Commercial real estate pricing dropped during a dramatic slowdown in transaction volume during the coronavirus pandemic, according to the latest monthly CoStar Commercial Repeat Sale Indices.
The repeat sales of $39.1 billion for the first five months of 2020 fell 24.2% from the same time a year earlier. This is the first look at the year's commercial real estate pricing trends, calculated by using the price change from the pair of first and second sales of properties sold multiple times. The indices are based on 538 repeat sales in May and more than 227,324 since 1996.
“While volume generally held up well versus the prior year in the first three months of 2020, it dropped more precipitously in April and May, reflecting overall caution among investors as well as physical challenges in transacting deals in a lockdown,” said Nancy Muscatello, managing consultant for CoStar. “The deceleration in deal volume was felt across the size and building-quality spectrum.”
In the investment-grade property segment, repeat sales volume was down 25.1% in the first five months of 2020 compared to the same time a year earlier. The group reflects larger asset sales common in major markets.
The general commercial segment, which reflects the more numerous but lower-priced property sales typical of secondary and smaller markets, was down 22.4%.
Both of the two major composite price indices declined in May, reflecting investor uncertainty and slower deal volume. However, both indices were still up between 3% to 5% on an annual basis over more than two decades.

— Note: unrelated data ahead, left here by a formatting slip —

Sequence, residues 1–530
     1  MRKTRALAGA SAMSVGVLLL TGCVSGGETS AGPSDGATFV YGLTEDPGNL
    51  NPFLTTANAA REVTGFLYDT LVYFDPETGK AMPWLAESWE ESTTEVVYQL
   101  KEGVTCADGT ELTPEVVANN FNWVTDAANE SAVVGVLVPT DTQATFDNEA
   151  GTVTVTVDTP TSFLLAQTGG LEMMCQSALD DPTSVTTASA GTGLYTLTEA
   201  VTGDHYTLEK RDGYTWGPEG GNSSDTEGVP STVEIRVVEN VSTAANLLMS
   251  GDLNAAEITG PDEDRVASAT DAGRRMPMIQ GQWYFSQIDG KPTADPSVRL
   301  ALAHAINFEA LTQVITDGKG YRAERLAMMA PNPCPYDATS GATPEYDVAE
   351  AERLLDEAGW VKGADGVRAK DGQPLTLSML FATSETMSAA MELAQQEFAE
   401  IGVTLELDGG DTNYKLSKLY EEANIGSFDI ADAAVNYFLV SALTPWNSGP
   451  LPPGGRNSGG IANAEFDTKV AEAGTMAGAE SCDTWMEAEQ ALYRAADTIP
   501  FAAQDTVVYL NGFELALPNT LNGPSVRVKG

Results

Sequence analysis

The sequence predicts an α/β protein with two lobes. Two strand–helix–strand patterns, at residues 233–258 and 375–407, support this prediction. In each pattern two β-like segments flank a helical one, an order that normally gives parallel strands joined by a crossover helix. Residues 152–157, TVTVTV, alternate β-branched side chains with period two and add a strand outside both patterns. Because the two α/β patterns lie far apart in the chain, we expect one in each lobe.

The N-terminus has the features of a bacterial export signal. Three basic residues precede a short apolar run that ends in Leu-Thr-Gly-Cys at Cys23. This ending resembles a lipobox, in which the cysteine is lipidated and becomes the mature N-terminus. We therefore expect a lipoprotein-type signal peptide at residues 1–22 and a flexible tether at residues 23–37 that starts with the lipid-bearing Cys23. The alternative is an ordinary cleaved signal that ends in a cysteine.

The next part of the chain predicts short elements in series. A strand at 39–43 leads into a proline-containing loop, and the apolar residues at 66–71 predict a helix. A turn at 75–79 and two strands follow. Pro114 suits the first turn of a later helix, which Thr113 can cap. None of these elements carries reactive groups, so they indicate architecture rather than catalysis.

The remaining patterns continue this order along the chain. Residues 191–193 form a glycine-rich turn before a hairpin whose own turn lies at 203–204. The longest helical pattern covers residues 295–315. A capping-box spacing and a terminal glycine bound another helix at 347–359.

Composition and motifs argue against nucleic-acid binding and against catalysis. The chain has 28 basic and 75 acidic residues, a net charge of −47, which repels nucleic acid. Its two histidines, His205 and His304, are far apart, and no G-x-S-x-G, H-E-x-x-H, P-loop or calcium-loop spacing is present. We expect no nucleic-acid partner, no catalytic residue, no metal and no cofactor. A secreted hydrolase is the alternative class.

The equal-weighted U.S. Composite Index, which reflects the more numerous, but lower-priced property sales typical of secondary and smaller markets, fell 1.3% but was still up over time.
The value-weighted U.S. Composite Index, which reflects larger asset sales common in major markets, declined by a more modest 0.1% in May after gaining since the Great Recession
The rate of commercial construction deliveries has also slowed due in part to delays stemming from lockdown measures in some states. Deliveries as a percent of total inventory across the three major property types — office, retail and industrial — are projected to total 515 million square feet in the 12 months ending in June, down 5.2% from the same time a year earlier.
Notably too, the rate of construction completions going into the pandemic is also much lower than at the peak of the last cycle of economic expansion. During the height of that growth between 2007 and 2008, quarterly deliveries averaged 0.44% of total building inventory. In the past four quarters through June, deliveries averaged just 0.23% of total inventory.
“More subdued construction levels going into a downturn may help to blunt the impact of weaker demand on vacancy rates,” Muscatello said.